UCSF researchers have developed a novel microscope system which allows multiple images of a single sample to be acquired simultaneously. These images are structured and, when coupled with conventional structured illumination image processing methods, can provide video rate, super-resolution micrographs.
High temporal and spatial imaging helps in a wide range of biological sciences, from plant sciences to mammalian models. While strategies such as structured illumination and rejection of out of focus light allow spatial resolution beyond the Nyquist limit, temporal rates are low as numerous images have to be sequentially acquired for reconstruction of the final image. Furthermore, because many sequentially acquired images are required for structured illumination, its application in living samples (moving or otherwise time varying) has been impossible. UCSF inventors demonstrate a new microscopy system for which allows simultaneous acquisition of all images required for structured illumination. This approach enables video rate (limited only by light throughput) acquisition of super-resolution micrographs. Because this is fundamentally a wide field approach, no stimulation light scanning is required and there are no moving parts. This methodology greatly simplifies the creation of structured images, and reduces misalignment issues which can plague standard implementations of structured illumination. This new system can collect images at higher rates, lower cost, and at comparable or higher resolution than other techniques (conventional spinning disk confocal microscopy or structured illumination systems).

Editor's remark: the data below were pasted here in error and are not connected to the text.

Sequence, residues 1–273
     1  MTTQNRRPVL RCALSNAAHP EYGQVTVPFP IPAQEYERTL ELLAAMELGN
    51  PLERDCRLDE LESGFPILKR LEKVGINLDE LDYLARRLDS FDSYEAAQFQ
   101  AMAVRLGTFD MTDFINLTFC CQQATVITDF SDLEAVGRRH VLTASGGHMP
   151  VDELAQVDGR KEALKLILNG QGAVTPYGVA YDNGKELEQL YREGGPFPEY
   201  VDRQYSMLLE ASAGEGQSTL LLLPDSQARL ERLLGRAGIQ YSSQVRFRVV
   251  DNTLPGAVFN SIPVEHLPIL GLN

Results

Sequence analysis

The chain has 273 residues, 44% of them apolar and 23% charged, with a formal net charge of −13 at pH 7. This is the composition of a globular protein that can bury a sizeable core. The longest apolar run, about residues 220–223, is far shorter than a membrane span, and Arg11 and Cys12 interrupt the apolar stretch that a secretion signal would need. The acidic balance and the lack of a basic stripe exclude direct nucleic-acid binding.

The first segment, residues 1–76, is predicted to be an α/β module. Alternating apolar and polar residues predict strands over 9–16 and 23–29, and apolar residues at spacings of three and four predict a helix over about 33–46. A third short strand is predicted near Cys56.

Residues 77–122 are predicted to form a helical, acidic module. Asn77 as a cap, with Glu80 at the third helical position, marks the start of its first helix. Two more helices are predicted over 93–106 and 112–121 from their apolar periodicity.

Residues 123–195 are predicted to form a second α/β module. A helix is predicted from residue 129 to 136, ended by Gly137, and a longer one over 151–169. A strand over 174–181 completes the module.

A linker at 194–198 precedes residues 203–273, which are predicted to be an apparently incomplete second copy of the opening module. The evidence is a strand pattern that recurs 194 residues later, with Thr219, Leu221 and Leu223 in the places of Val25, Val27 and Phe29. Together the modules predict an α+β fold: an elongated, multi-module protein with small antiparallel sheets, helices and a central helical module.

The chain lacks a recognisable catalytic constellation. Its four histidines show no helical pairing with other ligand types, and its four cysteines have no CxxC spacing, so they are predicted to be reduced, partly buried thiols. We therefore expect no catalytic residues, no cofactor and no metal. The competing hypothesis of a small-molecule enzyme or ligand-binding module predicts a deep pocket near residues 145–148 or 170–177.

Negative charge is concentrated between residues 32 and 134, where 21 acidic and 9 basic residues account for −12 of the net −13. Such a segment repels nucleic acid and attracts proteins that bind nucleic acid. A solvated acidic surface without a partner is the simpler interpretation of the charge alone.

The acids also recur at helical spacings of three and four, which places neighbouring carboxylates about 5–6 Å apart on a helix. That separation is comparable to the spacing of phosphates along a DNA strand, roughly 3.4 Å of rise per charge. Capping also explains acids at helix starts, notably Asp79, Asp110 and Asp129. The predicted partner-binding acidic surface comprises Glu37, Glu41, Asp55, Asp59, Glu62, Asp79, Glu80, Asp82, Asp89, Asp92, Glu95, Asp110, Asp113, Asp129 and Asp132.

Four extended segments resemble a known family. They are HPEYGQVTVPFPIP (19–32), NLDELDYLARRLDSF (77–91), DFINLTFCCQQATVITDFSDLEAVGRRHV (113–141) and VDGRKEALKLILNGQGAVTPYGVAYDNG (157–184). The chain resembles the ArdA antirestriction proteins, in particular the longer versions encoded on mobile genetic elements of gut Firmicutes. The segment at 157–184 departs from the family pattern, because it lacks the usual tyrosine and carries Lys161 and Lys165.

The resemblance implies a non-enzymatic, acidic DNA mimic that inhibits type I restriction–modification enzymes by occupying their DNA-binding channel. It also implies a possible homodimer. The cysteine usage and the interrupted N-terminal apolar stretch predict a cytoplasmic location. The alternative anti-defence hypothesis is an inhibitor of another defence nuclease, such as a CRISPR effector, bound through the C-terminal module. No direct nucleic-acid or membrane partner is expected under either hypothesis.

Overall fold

A microscope imaging system for imaging samples in high temporal and spatial resolution that is cheaper and faster than confocal microscopy. This method overcomes drawbacks of existing imaging systems because it is:
The system will be broadly applicable in research settings:
To further develop and commercialize this technology.
The invention has been reduced to practice.